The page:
PRINCETON UNIVERSITY PROJECTS, 1980s
- Honor Award, American Institute of Architects, 1987.
- Gold Medal, American Institute of Architects, Philadelphia Chapter, 1986
- Honor Award, Pennsylvania Society of Architects, 1986
SEATTLE ART MUSEUM, 1991
- Exterior designed to be a work of art itself yet also function like the ‘grand old’ museums of the past inside with loft-like unadorned gallery spaces
CHILDREN’S MUSEUM OF HOUSTON, 1992
- Example of Venturi’s “shed” concept—a boring building made from pre-fabricated metal.
- However, the stucco pilasters, columns and pediment give the building symbolic meaning and a link to a greater architectural tradition.
- Side walkway is supported by fibreglass “caryakids” — multi- colored, larger-than life cut-outs of children clearly communicating the intent of the space.
NATIONAL GALLERY, 1991
- Renovations had been delayed after Prince Charles denounced a modernist design by the architects Ahrends, Burton and Koralek as “a monstrous carbuncle on the face of a much-loved and elegant friend”.
- The Sainsbury Wing is subdued by Venturi’s standards, superficially blending in with the Wilkins façade while giving a quirky comment on classical architectural forms.
- The Benjamin Franklin Medal Award, 1993
- Honor Award, The American Institute of Architects, 1992
- Arts Access Award, First Winner, 1992
“I felt I had to write and say how enormously impressed I have been by your extension to the National Gallery… The Trafalgar Square elevation is a great success, but the interior spaces of the gallery area triumph. I do congratulate you on what you have achieved…”
— Charles, Prince of Wales, National Gallery, London
FRANK G. WELLS BUILDNG, 1997
WDW FIRE STATION, ORLANDO, 1992
TOULOUSE, FRANCE CAPITAL BUILDINGS 1999
- ‘Shed’ concept further developed to include ‘Talking Sheds’ with LED light displays
- Scott-Brown on the LED displays:
“They stand in contrast to the masonry of the buildings, much as the blossoms on the altar stood against the thousand-year-old temple, and they permit an immediacy and variability of urban communication that would astound architectural propagandists of earlier eras, who incised their messages in stone.”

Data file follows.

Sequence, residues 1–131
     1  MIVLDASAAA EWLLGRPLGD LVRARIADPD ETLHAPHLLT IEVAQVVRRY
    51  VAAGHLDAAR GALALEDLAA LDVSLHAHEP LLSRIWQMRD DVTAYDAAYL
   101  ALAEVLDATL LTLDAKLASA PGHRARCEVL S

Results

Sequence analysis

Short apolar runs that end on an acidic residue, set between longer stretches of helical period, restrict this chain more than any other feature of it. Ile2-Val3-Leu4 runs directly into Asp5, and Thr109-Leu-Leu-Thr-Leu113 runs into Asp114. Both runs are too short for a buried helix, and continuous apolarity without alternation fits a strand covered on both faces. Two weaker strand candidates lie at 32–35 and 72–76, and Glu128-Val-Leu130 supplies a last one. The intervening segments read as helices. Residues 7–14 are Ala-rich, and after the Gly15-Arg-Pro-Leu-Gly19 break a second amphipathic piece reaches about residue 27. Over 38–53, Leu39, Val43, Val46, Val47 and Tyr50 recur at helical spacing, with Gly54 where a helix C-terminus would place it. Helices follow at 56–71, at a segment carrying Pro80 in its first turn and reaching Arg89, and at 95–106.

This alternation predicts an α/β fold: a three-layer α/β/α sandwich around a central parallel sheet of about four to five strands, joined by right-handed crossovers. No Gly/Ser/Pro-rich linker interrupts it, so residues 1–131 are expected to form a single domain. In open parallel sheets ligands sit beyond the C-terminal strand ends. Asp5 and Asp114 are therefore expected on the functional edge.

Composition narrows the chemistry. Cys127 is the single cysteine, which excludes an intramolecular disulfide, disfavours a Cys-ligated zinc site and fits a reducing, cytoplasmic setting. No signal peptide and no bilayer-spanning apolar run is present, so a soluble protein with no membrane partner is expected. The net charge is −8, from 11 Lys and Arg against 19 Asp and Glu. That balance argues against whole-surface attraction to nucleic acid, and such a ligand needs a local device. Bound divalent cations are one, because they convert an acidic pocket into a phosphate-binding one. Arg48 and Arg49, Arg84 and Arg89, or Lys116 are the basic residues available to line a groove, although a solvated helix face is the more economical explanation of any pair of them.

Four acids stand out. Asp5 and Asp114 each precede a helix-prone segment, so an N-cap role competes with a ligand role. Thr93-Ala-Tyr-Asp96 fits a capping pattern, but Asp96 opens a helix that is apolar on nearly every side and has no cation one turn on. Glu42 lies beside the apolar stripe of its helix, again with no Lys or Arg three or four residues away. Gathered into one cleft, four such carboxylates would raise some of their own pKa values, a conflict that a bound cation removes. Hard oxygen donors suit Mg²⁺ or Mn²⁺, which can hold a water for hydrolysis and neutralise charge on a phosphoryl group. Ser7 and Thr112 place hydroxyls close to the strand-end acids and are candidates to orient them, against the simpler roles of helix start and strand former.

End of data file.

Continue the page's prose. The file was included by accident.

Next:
EPISCOPAL ACADEMY, PENNSYLVANIA
The Episcopal Academy was founded in 1785 by the Rt. Rev. William White at Old Christ Church in Philadelphia, Pennsylvania as an all-boys school focusing on education in Greek, Latin, religion, mathematics, and business. It was also a pre-missionary school. The school was designed by Robert Venturi.
BAKER MEMORIAL LIBRARY
Baker Memorial Library at Dartmouth College is one of the most noteworthy architectural works in New Hampshire. The design of the building suggests Independence Hall in Philadelphia combined with the graceful spire characteristic of early New Hampshire churches.
DUMBARTON OAKS MUSEUM, WASHINGTON D.C.
The mansion was built in 1800. Famously, it was the Washington residence of U.S. Senator, official, and Vice President John C. Calhoun. It was purchased in 1920 by Robert Woods Bliss (1875-1962), a long-time member of the Foreign Service and his wife Mildred Barnes Bliss (1875-1969), a prominent art collector and daughter of Demas Barnes.
FIRST CAMPUS CENTRE, PRINCETON UNIVERSITY
First Campus Centre is a focal point of social life at Princeton University. The campus centre is a combination of the former Palmer Physics Lab, and a modern addition completed in 2001.
Designed by Venturi, Scott Brown & Associates, the firm of acclaimed architects Robert Venturi (a Princeton alumnus) and Denise Scott Brown, the building consists of a modern expansion to the existing Collegiate Gothic Palmer Hall. The new building volume fills in the courtyard of the previous C-shaped structure, and extends across its open side to create a new east facade.
FREEDOM PLAZA, WASHINGTON D.C.
Freedom Plaza, originally known as Western Plaza, is an open plaza in Northwest Washington, D.C. adjacent to Pershing Park. Freedom Plaza and Pershing Park were part of a design competition won by M. Paul Friedberg (Pershing Park) and Venturi, Rausch and Scott Brown with George Patton landscape architect (Freedom Plaza).